Related to Hypervelocity Planet: Orbital Dynamics of a Star-Planet System

1. What is a hypervelocity planet?

A hypervelocity planet is a planet that is moving at an extremely high speed through its star system, typically due to interactions with other bodies or gravitational forces.

2. How does the orbital dynamics of a star-planet system differ from that of a single star system?

In a star-planet system, the planet's orbit is influenced by the gravitational pull of the star, causing it to move in a curved path rather than a straight line. Additionally, the presence of the planet can also affect the star's orbit.

3. What factors can affect the orbital dynamics of a star-planet system?

The orbital dynamics of a star-planet system can be affected by the masses and distances of the bodies involved, as well as any external gravitational forces from nearby objects.

4. Can a hypervelocity planet be observed from Earth?

Yes, a hypervelocity planet can be observed from Earth through telescopes and other astronomical instruments. However, due to their high velocities, they may only be visible for a short period of time before moving out of view.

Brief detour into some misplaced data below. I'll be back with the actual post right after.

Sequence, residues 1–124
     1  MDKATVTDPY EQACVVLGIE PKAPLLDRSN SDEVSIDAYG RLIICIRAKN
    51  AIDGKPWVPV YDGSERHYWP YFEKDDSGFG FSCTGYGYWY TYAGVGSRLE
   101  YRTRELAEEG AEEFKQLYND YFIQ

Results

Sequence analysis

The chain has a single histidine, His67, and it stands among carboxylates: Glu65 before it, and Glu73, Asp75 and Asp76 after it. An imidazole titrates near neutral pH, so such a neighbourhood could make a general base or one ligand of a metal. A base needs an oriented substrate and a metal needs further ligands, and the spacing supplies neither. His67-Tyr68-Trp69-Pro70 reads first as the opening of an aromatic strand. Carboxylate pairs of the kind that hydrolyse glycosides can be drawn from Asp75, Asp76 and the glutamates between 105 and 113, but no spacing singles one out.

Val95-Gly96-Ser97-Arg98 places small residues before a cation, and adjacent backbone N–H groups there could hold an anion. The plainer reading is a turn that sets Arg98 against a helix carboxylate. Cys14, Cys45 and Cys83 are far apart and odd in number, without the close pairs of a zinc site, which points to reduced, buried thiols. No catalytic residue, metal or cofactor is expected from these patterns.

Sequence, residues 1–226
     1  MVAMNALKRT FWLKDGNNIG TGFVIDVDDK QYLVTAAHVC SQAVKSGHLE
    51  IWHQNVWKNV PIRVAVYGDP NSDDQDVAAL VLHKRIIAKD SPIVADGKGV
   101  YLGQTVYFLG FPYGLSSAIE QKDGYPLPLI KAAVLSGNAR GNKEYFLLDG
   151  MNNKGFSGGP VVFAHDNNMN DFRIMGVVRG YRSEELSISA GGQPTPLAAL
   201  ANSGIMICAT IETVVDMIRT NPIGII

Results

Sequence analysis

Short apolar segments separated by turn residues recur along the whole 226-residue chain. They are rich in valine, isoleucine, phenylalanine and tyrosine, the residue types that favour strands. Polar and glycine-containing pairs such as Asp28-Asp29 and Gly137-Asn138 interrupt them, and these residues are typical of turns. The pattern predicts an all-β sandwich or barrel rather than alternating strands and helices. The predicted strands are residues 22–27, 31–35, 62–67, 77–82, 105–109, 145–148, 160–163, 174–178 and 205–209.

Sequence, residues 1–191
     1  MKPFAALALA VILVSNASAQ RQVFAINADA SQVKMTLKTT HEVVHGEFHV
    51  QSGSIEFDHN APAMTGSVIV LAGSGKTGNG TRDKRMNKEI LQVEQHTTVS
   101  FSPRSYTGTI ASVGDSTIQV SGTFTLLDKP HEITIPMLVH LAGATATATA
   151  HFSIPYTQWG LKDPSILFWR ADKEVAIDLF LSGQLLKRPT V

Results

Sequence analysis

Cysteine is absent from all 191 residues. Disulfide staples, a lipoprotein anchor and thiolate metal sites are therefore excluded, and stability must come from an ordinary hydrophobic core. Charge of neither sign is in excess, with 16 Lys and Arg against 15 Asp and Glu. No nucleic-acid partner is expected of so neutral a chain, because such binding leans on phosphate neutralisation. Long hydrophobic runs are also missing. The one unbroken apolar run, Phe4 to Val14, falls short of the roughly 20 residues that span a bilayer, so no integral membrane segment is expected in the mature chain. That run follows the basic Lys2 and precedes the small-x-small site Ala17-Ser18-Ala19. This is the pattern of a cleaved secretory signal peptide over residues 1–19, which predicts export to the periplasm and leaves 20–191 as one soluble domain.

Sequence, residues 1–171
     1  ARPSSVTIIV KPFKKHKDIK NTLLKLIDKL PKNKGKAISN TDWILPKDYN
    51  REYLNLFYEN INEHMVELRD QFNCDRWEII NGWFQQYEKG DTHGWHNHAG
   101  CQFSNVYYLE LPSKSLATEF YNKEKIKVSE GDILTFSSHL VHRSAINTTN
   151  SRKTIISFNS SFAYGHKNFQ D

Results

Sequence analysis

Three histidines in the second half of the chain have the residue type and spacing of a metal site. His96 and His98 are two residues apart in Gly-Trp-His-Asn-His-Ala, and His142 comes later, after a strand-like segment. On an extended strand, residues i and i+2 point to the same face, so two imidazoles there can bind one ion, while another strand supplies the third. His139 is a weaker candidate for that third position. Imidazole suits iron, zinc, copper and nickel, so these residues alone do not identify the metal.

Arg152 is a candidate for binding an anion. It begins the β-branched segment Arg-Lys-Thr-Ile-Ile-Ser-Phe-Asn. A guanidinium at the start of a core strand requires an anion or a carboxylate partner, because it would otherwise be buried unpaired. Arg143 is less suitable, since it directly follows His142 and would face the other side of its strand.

5. Are there any potential implications of a hypervelocity planet on its star system?

Yes, the presence of a hypervelocity planet can have significant effects on the dynamics of its star system, potentially causing disruptions or changes in the orbits of other bodies within the system. It may also influence the evolution of the star itself.

Similar threads

  • Introductory Physics Homework Help
Replies
1
Views
865
  • Introductory Physics Homework Help
Replies
1
Views
856
  • Introductory Physics Homework Help
Replies
12
Views
2K
  • Introductory Physics Homework Help
Replies
1
Views
711
Replies
6
Views
1K
  • Introductory Physics Homework Help
Replies
3
Views
9K
  • Introductory Physics Homework Help
Replies
3
Views
1K
  • Introductory Physics Homework Help
Replies
30
Views
562
  • Introductory Physics Homework Help
Replies
3
Views
5K
Back
Top